It's a crime that may never be solved.
Ten years ago this month, a federal prosecutor was found dead in a Brecknock Township stream, within earshot of the Pennsylvania Turnpike. Jonathan Luna, 38, an assistant U.S. attorney in Baltimore, had been stabbed 36 times and his throat had been slit, but he actually died by drowning in the shallow water.
The Lancaster County coroner ruled it a homicide. Luna's boss vowed to find the killer. A $100,000 reward was posted by the FBI.
A decade later, the case has gone stone cold.
Officially, the inquiry remains open. But some who knew Luna, as well as amateur sleuths who have followed the case, say it's never been much of an investigation.
They say it's almost as if officials don't want to find the killers.
"Something stinks," said Ed Martino, of Blue Ball, a private investigator who spent years looking into Luna's death. "You're not talking about some street drug dealer, you're talking about a young U.S. attorney.
"It's not a difficult crime to solve. If you want to solve it."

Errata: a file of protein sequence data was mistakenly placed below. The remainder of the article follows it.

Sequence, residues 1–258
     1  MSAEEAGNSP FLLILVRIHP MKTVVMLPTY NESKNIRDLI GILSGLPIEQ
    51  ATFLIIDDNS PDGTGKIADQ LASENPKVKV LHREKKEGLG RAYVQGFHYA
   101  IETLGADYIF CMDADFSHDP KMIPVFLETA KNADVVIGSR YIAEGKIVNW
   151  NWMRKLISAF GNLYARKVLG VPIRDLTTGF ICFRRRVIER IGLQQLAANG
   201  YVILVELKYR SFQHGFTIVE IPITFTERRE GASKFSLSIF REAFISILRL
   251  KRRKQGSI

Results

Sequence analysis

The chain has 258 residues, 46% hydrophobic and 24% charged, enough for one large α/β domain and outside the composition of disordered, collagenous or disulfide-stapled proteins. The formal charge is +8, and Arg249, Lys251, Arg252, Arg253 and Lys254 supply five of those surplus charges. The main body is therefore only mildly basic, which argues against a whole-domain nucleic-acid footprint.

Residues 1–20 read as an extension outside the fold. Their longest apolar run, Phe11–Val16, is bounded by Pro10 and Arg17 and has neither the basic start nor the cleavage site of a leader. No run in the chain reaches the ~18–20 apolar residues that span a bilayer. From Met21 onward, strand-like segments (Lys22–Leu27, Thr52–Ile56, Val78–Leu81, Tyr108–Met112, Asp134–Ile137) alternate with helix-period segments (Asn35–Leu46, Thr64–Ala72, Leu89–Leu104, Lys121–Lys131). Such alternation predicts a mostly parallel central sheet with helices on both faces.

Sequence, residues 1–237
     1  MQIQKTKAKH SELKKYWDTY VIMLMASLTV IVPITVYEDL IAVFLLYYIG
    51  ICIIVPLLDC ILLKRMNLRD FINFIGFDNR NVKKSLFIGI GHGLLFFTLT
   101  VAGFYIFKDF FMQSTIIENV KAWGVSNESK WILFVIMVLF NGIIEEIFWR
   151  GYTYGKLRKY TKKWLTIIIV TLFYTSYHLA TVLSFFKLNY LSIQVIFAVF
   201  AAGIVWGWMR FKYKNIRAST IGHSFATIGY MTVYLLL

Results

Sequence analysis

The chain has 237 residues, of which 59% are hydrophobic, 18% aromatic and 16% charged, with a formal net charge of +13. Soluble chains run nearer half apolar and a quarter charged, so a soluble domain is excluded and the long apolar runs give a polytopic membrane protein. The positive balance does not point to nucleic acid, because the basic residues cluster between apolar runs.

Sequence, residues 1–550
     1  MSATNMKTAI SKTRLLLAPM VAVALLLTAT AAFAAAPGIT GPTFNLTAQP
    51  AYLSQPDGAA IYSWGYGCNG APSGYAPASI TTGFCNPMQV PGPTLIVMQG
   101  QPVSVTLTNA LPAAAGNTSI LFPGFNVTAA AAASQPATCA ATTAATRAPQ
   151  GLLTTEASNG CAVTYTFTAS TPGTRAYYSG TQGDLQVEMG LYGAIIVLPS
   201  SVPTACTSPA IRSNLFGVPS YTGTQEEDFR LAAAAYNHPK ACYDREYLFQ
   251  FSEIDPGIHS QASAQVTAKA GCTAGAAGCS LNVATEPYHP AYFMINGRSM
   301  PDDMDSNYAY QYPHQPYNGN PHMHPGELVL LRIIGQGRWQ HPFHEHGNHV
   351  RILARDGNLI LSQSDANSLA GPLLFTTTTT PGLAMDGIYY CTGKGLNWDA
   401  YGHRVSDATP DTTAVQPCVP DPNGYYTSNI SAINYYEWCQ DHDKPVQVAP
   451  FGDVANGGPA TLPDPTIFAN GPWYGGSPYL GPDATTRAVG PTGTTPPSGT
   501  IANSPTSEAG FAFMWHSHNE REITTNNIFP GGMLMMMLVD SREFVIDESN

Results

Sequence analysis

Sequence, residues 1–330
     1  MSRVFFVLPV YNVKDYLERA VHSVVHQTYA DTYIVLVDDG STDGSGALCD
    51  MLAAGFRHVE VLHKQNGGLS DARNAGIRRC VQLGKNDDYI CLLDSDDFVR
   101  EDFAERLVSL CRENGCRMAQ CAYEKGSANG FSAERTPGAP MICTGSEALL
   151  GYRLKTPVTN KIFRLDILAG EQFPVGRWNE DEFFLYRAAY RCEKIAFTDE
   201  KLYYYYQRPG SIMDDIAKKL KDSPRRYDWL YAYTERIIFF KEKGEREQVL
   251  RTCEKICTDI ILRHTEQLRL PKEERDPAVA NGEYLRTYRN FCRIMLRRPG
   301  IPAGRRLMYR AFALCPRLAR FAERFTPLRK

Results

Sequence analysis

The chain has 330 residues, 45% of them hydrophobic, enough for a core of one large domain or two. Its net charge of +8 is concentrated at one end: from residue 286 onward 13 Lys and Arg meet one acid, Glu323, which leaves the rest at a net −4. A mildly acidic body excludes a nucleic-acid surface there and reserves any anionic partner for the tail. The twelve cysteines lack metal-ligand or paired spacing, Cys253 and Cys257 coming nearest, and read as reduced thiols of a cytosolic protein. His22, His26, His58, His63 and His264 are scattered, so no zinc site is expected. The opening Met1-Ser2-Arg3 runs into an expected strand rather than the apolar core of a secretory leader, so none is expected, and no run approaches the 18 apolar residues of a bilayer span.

The Gentlemanly Prosecutor
Jonathan Luna seemed like a modern-day Horatio Alger, the son of a Filipino father and African-American mother who rose from the projects of the South Bronx to attend Fordham University, then get his law degree at the University of North Carolina at Chapel Hill.
"He was just one of those guys who had charisma - there was always a smile on his face," said Robert Reuland, an attorney and author who worked with Luna in the Brooklyn District Attorney's Office in the late 1990s. "Prosecutors in Brooklyn tend to be fairly hard-nosed, crabby guys, but Jon was not that - he was cultured and gentlemanly."
Luna became an assistant U.S. attorney in Baltimore in 1999. He was married to an obstetrician and had two children.
On Dec. 3, 2003, he was prosecuting a drug case that wasn't going well. Two Baltimore men, Deon Lionel Smith and Walter O. Poindexter, were accused of selling heroin. Poindexter also faced a murder charge.
The chief witness, Warren Grace, was a convicted heroin dealer working as a paid FBI informant. But as Harrisburg author Bill Keisling detailed in his 2005 book on the case, "The Midnight Ride of Jonathan Luna," Grace had broken the conditions of the confidential informant programs, slipping out of his electronic monitoring device and having heroin unrelated to the case in his vehicle, among other allegations. That information came out during the trial, and defense attorneys accused Luna of failing to disclose it.